Actually LATE, which stands for age-related TDP-43 encephalopathy.
The clinical diagnosis of Alzheimer’s is less than 80% accurate, using MRI, but without the benefit of amyloid or tau PET scans, which are not widely available. Even at post-mortem many patients have mixed pathology, mainly Alzheimer’s, small vessel disease, and Lewy bodies. Another less well understood condition is tau-related cognitive decline, which may explain why some patients who are thought to have Alzheimer’s dementia do not worsen.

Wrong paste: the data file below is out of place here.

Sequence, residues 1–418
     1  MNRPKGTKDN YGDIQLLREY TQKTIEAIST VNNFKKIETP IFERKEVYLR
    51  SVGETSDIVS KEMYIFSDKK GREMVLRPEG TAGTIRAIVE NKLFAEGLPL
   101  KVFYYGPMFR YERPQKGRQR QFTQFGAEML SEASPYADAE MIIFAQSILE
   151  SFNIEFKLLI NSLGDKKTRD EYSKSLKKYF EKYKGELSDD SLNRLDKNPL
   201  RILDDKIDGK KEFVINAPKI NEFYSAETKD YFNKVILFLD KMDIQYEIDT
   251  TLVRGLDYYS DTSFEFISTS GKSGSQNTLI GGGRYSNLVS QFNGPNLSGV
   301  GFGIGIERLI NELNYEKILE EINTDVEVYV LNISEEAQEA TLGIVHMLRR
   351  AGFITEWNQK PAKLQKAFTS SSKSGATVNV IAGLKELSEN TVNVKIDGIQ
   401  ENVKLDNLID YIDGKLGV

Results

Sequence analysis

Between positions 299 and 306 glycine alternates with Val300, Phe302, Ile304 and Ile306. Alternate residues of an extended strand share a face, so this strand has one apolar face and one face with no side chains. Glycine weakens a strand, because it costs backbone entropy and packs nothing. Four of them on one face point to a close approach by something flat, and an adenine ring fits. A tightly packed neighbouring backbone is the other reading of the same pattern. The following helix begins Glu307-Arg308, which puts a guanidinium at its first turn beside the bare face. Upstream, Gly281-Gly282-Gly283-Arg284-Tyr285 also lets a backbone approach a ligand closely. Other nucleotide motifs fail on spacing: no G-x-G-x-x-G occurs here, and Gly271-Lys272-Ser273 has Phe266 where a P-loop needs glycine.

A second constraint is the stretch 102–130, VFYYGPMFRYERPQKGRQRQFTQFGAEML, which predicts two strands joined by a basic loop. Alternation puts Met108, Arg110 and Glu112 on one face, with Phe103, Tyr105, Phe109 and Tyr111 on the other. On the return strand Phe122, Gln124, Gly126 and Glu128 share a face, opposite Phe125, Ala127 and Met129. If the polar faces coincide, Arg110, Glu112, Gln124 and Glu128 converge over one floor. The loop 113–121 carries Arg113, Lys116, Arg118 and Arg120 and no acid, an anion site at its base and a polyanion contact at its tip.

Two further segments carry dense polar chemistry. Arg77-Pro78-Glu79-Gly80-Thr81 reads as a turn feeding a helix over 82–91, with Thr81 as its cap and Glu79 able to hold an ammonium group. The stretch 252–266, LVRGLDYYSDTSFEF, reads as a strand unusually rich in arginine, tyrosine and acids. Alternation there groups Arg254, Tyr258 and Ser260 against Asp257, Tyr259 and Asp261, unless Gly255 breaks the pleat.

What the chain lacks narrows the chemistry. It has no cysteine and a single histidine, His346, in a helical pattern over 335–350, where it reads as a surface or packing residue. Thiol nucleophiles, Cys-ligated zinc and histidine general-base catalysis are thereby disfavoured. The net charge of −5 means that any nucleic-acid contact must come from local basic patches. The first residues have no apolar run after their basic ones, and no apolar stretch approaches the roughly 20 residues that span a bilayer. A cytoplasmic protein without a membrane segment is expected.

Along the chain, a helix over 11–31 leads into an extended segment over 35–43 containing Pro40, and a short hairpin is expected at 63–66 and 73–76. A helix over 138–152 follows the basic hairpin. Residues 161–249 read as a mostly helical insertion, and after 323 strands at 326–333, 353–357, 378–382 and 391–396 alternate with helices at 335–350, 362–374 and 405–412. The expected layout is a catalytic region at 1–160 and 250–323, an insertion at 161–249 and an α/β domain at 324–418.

The disease termed LATE is recently recognized and is related to a certain protein found in over 20% of people older than 80. Recall that amyloid is found in one-third of the elderly and all do not progress to symptomatic Alzheimer’s probably because of cognitive reserve. Higher levels of education and maintaining cognitive and social activities late in life are thought to underpin this reserve.
The pathological matrix underpinning dementia is more complex than we thought even just several years ago.
See the article by Nelson et al in Brain, April 30, 2019.